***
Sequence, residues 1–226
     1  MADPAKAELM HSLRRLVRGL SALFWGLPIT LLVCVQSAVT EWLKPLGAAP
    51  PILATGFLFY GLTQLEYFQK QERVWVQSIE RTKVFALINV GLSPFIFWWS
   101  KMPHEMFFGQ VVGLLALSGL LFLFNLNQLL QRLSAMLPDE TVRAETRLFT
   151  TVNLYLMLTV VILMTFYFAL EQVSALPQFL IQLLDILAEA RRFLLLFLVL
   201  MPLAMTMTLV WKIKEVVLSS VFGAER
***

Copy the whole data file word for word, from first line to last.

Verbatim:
Sequence, residues 1–226
     1  MADPAKAELM HSLRRLVRGL SALFWGLPIT LLVCVQSAVT EWLKPLGAAP
    51  PILATGFLFY GLTQLEYFQK QERVWVQSIE RTKVFALINV GLSPFIFWWS
   101  KMPHEMFFGQ VVGLLALSGL LFLFNLNQLL QRLSAMLPDE TVRAETRLFT
   151  TVNLYLMLTV VILMTFYFAL EQVSALPQFL IQLLDILAEA RRFLLLFLVL
   201  MPLAMTMTLV WKIKEVVLSS VFGAER